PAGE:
Each fall, PPS members exercise their voting rights by electing new leadership to serve the Private Practice Section, APTA. This year, online voting begins on September 30 and will close October 25. Those who are present at the PPS Annual Conference and Exhibition in Orlando, FL will be given the opportunity to vote onsite at the PPS booth October 30 - November 2. All PT and PTA members are eligible to vote.



The 2019 Slate of Candidates is shown below. Each candidate was unanimously approved by the PPS Nominating Committee and Board of Directors. PPS believes that each of these individuals will uphold the mission of the Section, and that they possess the background, talent, and character required to achieve the goals established in the PPS strategic plan. 

Click on each candidate's name to view their candidate statement. *Candidates are listed in alphabetical order

Director (2 Positions Open)




Nominating Committee (1 Position Open)





After hearing from PPS members that their businesses were being adversely impacted by an unlevel playing field within the broader marketplace of onsite services, PPS sprang into action. After a few months of behind the scenes work, in early February PPS and APTA staff and physical therapist members met with the staff of the Occupational Safety and Health Administration (OSHA). That meeting was followed up with a formal request for the agency to clarify that there are a multitude of soft tissue massage techniques administered by health care professionals, including physical therapists, that are similar to Active Release Techniques (ART) and which OSHA considers first aid, as defined under 29 CFR §1904.7(b)(5)(ii). Utilizing the leverage of the parent organization, PPS worked with APTA to facilitate written guidance from OSHA stating that soft tissue management (massage) is first aid for recordkeeping purposes, regardless of whether such treatments are performed by individuals with ART certification or by physical therapists with comparable training. On May 23, 2019, OSHA issued this letter of interpretation to APTA. The letter clarifies that:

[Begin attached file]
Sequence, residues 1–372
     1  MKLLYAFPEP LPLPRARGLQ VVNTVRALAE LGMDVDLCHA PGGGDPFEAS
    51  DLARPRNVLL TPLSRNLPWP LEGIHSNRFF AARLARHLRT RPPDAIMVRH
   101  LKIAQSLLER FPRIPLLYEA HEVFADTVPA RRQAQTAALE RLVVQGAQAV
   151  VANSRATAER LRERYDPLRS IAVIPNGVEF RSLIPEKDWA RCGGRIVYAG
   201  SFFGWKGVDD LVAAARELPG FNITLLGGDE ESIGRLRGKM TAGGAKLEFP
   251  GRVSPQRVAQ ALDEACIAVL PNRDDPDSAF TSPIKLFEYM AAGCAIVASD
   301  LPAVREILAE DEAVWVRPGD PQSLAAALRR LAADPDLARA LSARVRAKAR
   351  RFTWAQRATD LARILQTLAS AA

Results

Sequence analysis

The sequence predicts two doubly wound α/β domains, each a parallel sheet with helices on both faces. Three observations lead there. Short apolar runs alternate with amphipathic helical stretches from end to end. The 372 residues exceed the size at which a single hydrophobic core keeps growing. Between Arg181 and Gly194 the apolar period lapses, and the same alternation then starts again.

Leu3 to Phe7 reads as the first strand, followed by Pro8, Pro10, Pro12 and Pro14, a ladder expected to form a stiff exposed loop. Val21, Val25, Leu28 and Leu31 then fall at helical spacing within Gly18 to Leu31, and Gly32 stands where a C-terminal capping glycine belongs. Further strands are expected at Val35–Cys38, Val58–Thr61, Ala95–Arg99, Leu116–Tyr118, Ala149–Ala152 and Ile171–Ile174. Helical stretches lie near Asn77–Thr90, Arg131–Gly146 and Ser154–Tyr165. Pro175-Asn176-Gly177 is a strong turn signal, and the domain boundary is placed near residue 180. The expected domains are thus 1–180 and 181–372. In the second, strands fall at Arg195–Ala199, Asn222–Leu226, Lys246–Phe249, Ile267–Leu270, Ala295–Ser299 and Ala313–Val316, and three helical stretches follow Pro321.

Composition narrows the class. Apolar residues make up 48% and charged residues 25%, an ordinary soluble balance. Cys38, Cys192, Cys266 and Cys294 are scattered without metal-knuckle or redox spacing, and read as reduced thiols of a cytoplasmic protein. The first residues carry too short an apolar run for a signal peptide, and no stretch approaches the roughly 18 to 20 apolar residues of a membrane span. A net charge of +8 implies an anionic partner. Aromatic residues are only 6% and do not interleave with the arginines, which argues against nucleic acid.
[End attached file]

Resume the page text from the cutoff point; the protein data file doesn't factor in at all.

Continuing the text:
• Soft tissue massage is first aid for record-keeping purposes.
  • First aid treatments listed in section 1904.7(b)(5)(ii) (including soft tissue massage) would be considered first aid regardless of the professional status or certifications of the person providing the treatment.
  • Accordingly, soft tissue massage is first aid whether or not such treatment is performed by individuals with ART certification.
  • A clear line has been drawn.  A work-related soft tissue injury or illness would only be considered recordable if treatment involved medical treatment beyond first aid, days away from work, job transfer, or restricted work for the purposes of Part 1904 OSHA recordkeeping regulations. Massage provided by a physical therapist or other healthcare provider is considered first aid care, not medical treatment.

As I am sure you have heard on the news, on Friday 12/14, a federal judge in a lower court in TX filed a decision that declared the Affordable Care Act to be unconstitutional. His decision hinged on the fact that last December's tax bill the fine for not obtaining health insurance was reduced to zero. The decision held that since that fine has bee reduced to zero, that "tax" has been functionally removed from the law.

The reason this argument matters is that when the Supreme Court evaluated the constitutionality of the ACA previously, it determined that in fact the government did have the authority to compel Americans to have health insurance coverage, citing the Constitution granting Congress the authority to tax and spend. In yesterday's decision, the judge determined that since the "tax" has been reduced to zero, that authority has been relinquished and therefore the whole law must be struck (because of the argument that the taxing authority granted to Congress was the sole reason that it was able to compel Americans to have health insurance--and that the existence of the entire law hinged upon the taxing authority).

The ruling will not impact the 2019 health insurance plans sold through the exchange/marketplace of healthcare.gov or the state equivalents. It also won't immediately affect Americans' health coverage. The most immediate impact could be upon whether or not states will continue to consider expanding Medicaid at a time when the effort might be for naught.